by Corey Geiger, Hoard's Dairyman Managing Editor

The Hoard Farm team headed up by Jason Yurs continues to be pleased with the performance of young sires’ daughters. On December 13, a number of young bulls had daughters either scored for the first time . . . or very early in the evaluation process.

Ripley Farms Aaron Cordell, a young bull with 11 daughters in his production proof, has four appraised at the Hoard’s Dairyman Farm: 85, 81, 77 and 76, respectively. Cordell’s daughters ranged from 86 to 77 on feet and legs scores, from 86 to 76 in the udder. Read more

What influences a producer’s decision to relocate a dairy

Fri, 01/03/2014

Of the 110 factors studied, 13 ranked as the most important factors at locating a new dairy. For many years, the West ranked high on many of them.

by Margaret Seiler

It is no secret to those involved in the dairy industry that the cows are moving West. According to Normand St-Pierre, professor of dairy management at The Ohio State University, the movement of cows is evident in the raw numbers.

"The West and Southwest now account for 42 percent of the national milk production, which is up from 17 percent in 1970," said St-Pierre during his presentation at Kansas State University's Dairy Symposium on October 23. Symposium attendees heard St-Pierre present the findings of an Ohio State University research study that identified factors influencing where new dairies are located. Read more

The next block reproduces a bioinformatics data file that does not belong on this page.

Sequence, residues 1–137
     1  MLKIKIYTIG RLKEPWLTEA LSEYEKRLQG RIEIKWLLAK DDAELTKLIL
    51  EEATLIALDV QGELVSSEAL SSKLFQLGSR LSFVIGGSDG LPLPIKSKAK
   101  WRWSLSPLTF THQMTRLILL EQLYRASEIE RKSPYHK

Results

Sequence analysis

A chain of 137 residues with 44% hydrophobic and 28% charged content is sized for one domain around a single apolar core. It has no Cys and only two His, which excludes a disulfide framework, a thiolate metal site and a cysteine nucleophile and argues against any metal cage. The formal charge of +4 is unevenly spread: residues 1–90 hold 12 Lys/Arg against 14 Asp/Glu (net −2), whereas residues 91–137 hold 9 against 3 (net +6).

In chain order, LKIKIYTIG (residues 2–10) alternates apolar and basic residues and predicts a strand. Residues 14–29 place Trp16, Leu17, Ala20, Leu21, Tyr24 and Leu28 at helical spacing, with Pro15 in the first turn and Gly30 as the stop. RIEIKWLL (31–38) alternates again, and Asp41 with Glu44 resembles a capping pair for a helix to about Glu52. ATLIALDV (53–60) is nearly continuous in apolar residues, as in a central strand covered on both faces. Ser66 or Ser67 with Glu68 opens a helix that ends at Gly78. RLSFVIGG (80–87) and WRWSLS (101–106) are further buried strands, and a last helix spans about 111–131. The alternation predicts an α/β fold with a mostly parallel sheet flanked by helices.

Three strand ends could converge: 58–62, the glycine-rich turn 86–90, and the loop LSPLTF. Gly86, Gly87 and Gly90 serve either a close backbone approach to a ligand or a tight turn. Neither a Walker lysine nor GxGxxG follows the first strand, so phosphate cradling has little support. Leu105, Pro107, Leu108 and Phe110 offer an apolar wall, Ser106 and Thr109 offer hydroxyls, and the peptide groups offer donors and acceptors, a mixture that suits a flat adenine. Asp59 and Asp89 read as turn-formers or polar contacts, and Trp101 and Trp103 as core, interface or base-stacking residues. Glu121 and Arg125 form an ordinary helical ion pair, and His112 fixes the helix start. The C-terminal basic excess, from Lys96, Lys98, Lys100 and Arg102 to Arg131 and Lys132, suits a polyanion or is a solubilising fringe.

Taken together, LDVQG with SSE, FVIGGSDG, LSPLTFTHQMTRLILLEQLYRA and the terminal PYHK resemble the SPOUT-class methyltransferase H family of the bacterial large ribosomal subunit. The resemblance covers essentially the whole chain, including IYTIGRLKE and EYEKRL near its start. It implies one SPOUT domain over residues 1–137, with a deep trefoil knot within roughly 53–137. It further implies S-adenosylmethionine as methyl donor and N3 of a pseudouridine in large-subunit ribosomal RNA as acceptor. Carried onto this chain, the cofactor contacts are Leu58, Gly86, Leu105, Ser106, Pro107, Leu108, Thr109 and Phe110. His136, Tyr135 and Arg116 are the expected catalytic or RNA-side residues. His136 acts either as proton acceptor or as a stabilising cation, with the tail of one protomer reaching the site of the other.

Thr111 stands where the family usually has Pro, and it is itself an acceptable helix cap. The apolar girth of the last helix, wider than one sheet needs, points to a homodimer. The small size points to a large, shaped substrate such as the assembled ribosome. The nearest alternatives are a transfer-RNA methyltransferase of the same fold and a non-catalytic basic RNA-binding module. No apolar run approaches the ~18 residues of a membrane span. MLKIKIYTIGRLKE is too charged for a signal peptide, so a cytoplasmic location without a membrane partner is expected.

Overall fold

Ethical treatment contracts are becoming more commonplace

Thu, 01/02/2014

By outlining animal care expectations with all staff, dairy farmers can ensure the best cow care possible.

by Mary-Elizabeth Foote

After the dairy industry made national headlines earlier this month due to mistreatment of farm animals, some consumers questioned all practices that take place on a farm. While the grand majority of dairy producers have always taken exceptional care of their animals, dairymen have found new ways to go out of their way to ensure that ethical practices are taking place. More owners and operators across the nation are designing ethical animal treatment contracts and are requiring employees to understand and sign them before being able to work. Read more

Seven ways to extend your good fortune in 2014

Wed, 01/01/2014

Caring for others starts by caring for yourself.

By Patti Hurtgen, Hoard’s Dairyman Online Media Manager

I recently received a newsletter from a charity that helps parents cope with children with Niemann-Pick Disease, a terminal illness. It listed 12 ways to care for the caregiver (parent) during the holidays. With a few tweaks, some of the suggestions apply to dairy producers, too, who are year-round care givers to animals, family and land. So here are a few ways to care for the caregiver:

1. Take care of yourself physically. Farmers are notorious for shrugging off discomfort or illness and continue working. If you think that pain might be more serious, get it checked before it becomes more serious.